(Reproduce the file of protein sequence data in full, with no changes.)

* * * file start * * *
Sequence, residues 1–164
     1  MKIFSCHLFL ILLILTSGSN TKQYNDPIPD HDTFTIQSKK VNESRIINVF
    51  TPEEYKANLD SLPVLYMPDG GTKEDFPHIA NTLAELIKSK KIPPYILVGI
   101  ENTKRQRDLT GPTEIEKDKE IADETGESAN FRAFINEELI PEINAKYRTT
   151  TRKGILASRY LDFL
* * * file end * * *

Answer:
Sequence, residues 1–164
     1  MKIFSCHLFL ILLILTSGSN TKQYNDPIPD HDTFTIQSKK VNESRIINVF
    51  TPEEYKANLD SLPVLYMPDG GTKEDFPHIA NTLAELIKSK KIPPYILVGI
   101  ENTKRQRDLT GPTEIEKDKE IADETGESAN FRAFINEELI PEINAKYRTT
   151  TRKGILASRY LDFL